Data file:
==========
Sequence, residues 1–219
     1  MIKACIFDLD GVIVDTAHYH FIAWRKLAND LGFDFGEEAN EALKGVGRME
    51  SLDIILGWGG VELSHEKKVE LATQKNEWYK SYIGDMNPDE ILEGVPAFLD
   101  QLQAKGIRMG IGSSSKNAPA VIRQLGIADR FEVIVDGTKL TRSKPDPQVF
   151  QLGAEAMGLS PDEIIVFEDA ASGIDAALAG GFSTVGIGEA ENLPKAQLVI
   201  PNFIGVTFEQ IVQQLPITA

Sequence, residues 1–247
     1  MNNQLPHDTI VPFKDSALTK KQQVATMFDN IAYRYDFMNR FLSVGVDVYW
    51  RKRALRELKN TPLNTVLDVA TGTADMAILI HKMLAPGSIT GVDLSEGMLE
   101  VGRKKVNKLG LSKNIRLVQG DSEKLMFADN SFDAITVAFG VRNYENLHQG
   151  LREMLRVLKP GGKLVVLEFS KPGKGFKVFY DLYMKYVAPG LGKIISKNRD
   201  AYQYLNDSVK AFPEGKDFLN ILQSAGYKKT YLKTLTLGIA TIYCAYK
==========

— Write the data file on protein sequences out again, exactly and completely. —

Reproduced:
Sequence, residues 1–219
     1  MIKACIFDLD GVIVDTAHYH FIAWRKLAND LGFDFGEEAN EALKGVGRME
    51  SLDIILGWGG VELSHEKKVE LATQKNEWYK SYIGDMNPDE ILEGVPAFLD
   101  QLQAKGIRMG IGSSSKNAPA VIRQLGIADR FEVIVDGTKL TRSKPDPQVF
   151  QLGAEAMGLS PDEIIVFEDA ASGIDAALAG GFSTVGIGEA ENLPKAQLVI
   201  PNFIGVTFEQ IVQQLPITA

Sequence, residues 1–247
     1  MNNQLPHDTI VPFKDSALTK KQQVATMFDN IAYRYDFMNR FLSVGVDVYW
    51  RKRALRELKN TPLNTVLDVA TGTADMAILI HKMLAPGSIT GVDLSEGMLE
   101  VGRKKVNKLG LSKNIRLVQG DSEKLMFADN SFDAITVAFG VRNYENLHQG
   151  LREMLRVLKP GGKLVVLEFS KPGKGFKVFY DLYMKYVAPG LGKIISKNRD
   201  AYQYLNDSVK AFPEGKDFLN ILQSAGYKKT YLKTLTLGIA TIYCAYK